Defensive Publishing

Intellectual property, particularly patents, have become vital for the growth of a company, and, in general, the global economy. Patents have become important tool for company’s goal of profit maximizing and these companies are filing patents at an increasing rate.

However, there may be some reasons why a company may wish to avoid patenting a given invention, such as cost, or the fact that the invention may not meet the patentability criteria. An alternative that is sometimes used by businesses is “defensive publishing” or “technical disclosure”. In this article, we will be focusing on need and merits of defensive publishing.

Defensive publishing involves disclosing an invention to the public in order to ensure that no one else can patent it. It may be understood that this stands in sharp contrast to keeping it as a trade secret. It is basically a strategy disclosing an enabling description of a technology to the public, in order to establish the innovation as prior art in the public. This provides some degree of freedom to operate for all. Defensive publication is not generally done for a major breakthrough in technology or for a core technological invention that is likely to be central to the strength of an enterprise, however minor improvements to a product or technology are often good candidates for defensive publishing.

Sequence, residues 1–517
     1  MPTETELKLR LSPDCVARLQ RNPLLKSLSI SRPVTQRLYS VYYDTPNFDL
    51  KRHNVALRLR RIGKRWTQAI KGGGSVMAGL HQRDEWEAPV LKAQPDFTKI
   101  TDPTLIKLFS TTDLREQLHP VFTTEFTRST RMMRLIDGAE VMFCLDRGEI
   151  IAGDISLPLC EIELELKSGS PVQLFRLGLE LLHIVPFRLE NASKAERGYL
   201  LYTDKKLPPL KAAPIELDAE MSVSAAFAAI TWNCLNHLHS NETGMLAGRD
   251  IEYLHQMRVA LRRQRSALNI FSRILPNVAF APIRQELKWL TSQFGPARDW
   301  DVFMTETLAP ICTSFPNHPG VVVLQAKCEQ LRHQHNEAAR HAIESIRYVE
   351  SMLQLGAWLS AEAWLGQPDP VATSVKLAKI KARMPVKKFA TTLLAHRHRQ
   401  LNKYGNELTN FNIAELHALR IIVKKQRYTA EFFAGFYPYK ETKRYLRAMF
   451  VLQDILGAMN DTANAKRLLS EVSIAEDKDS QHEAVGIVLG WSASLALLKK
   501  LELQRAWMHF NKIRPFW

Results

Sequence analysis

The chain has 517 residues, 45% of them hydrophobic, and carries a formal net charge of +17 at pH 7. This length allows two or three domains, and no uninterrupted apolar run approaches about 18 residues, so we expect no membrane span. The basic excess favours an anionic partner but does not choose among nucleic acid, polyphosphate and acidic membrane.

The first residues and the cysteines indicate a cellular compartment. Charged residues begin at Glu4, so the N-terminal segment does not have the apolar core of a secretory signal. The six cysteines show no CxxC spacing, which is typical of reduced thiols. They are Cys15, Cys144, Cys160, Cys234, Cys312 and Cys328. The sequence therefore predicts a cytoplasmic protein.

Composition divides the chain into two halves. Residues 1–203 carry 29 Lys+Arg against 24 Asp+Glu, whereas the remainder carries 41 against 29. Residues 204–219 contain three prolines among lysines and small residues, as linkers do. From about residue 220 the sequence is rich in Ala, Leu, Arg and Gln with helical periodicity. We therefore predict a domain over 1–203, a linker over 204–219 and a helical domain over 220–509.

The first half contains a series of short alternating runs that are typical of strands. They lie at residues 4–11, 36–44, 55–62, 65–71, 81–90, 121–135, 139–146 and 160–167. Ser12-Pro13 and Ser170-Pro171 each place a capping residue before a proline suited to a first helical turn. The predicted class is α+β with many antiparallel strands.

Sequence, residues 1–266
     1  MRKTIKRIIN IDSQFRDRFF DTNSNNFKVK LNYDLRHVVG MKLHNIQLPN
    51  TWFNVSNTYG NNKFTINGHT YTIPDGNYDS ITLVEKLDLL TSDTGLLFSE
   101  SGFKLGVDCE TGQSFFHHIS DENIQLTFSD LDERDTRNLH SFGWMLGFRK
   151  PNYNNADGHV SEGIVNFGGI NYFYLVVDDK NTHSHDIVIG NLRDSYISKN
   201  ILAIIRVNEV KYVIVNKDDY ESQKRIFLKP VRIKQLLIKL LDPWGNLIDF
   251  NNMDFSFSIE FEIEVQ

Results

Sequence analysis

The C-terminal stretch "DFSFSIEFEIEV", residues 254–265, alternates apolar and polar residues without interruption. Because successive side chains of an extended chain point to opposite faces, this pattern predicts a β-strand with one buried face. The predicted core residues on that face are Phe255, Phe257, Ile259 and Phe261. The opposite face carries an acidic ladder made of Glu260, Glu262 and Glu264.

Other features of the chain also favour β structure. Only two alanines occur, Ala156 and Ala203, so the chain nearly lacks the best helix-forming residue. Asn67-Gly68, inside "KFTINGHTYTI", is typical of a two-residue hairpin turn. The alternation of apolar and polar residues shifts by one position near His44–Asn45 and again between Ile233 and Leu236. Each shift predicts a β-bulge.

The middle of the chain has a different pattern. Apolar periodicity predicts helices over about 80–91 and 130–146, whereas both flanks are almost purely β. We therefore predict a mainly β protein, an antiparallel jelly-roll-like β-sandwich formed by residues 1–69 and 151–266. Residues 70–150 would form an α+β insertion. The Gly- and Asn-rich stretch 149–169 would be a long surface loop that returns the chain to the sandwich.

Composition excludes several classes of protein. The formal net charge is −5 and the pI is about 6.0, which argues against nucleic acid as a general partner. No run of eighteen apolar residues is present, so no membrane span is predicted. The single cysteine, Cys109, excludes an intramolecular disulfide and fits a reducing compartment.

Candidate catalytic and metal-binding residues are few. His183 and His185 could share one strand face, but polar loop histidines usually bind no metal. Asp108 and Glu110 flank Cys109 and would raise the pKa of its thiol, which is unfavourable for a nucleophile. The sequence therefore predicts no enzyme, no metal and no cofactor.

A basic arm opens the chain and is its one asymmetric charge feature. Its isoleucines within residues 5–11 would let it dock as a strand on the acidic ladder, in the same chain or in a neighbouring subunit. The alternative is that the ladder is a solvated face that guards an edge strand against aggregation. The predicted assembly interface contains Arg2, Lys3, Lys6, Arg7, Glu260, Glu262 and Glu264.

It is often required that the disclosure should be done in a well-recognized technical journal or other publication that is likely to be consulted by patent examiners when examining future patent applications, for example, journals that are included as part of the PCT minimum documentation for International Search Authorities. Some journals devoted exclusively to defensive publishing have become respected sources of technical information.

There are many advantages of defensive publishing. First of all, it is cheap. There are no administrative fees which otherwise would occur for filing for patent protection at a patent office, or nominating a patent attorney. It is a fast method because companies simply have to send the description of their invention to a public domain where it is published. There are no further examinations of the invention.

In the next article, we will be discussing about the need and advantages of “technical disclosures”.

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